Hastings Law Journal


Recent incidents involving possible misconduct on the part of prominent scientists have focused attention on the issues involved in determinations of science misconduct. Despite their notoriety, however, determinations of science misconduct are often marked by casual or nonexistent regard for the rights of the accused. Furthermore, a scientist who has been adjudged guilty of misconduct faces potential professional ruin.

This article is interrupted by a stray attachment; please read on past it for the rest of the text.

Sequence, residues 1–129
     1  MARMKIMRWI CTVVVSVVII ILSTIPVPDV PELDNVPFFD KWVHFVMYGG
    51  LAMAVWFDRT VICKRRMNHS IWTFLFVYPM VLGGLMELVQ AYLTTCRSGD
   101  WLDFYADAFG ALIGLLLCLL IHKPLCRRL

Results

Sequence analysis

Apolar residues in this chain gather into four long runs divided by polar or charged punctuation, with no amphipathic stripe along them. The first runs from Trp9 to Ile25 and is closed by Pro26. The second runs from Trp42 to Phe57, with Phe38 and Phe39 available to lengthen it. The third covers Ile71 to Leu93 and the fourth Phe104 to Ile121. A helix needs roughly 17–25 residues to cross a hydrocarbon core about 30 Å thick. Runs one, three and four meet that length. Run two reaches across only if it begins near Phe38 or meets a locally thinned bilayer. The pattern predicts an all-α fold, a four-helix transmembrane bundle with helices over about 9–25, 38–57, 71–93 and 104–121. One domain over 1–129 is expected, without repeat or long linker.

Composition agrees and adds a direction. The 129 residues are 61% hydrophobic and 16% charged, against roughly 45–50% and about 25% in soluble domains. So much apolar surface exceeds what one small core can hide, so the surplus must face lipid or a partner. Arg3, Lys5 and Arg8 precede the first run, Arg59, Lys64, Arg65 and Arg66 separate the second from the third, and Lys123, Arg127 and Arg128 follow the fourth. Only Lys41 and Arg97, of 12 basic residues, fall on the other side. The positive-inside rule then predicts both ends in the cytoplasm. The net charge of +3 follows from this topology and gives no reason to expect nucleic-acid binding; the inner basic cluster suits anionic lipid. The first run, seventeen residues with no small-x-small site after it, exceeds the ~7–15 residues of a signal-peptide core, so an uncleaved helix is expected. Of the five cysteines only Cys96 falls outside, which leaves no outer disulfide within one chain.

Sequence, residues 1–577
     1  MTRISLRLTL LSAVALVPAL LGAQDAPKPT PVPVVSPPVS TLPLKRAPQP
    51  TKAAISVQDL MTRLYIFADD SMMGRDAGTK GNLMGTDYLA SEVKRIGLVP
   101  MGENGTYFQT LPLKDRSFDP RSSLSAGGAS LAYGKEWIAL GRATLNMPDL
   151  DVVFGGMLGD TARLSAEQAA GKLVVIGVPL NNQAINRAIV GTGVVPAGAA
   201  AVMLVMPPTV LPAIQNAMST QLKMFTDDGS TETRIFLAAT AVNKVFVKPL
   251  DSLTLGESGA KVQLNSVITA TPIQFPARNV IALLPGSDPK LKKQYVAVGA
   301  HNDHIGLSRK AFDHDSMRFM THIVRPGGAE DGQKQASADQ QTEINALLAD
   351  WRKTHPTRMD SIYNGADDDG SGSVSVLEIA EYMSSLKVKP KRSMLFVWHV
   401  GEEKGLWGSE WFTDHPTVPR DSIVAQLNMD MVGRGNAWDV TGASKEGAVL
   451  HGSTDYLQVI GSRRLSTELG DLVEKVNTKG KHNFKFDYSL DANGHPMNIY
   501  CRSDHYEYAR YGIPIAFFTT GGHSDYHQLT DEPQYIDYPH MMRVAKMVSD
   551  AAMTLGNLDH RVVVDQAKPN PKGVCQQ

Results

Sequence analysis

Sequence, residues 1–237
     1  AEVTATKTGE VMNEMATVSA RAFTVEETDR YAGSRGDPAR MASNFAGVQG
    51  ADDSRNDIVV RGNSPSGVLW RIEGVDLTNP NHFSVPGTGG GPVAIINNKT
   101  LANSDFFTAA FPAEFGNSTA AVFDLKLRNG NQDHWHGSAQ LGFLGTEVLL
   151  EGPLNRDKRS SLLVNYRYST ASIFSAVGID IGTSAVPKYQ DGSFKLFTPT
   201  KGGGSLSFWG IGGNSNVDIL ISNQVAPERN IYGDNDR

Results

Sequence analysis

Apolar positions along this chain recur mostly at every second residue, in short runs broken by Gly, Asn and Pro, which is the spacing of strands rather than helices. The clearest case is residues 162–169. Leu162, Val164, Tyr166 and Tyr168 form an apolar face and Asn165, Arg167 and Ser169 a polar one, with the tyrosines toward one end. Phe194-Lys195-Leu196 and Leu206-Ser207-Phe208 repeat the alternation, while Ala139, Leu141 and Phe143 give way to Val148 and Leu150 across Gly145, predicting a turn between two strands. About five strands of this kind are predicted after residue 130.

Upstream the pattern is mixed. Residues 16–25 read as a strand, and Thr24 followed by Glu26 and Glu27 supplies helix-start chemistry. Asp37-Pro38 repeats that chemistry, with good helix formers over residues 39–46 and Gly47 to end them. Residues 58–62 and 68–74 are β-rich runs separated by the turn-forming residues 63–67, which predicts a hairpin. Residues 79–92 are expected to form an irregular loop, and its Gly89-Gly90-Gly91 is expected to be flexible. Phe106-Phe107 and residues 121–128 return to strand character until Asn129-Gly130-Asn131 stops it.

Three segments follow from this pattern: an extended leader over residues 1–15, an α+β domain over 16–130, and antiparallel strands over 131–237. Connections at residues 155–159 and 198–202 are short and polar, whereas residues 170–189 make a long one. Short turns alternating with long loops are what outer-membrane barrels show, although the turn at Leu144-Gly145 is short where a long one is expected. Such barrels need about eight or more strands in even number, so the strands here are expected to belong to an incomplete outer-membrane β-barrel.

This Note argues that the presence of this combination in science misconduct investigations constitutes a denial of due process to accused scientists. The author proposes creating an independent federal agency to deal with cases involving possible science misconduct, with a legal rather than a scientific focus, in order to ensure that due process is observed. Establishment of an agency will both ensure that the government gets the most out of its research dollars, and safeguard the public confidence in research results necessary for science's advancement.

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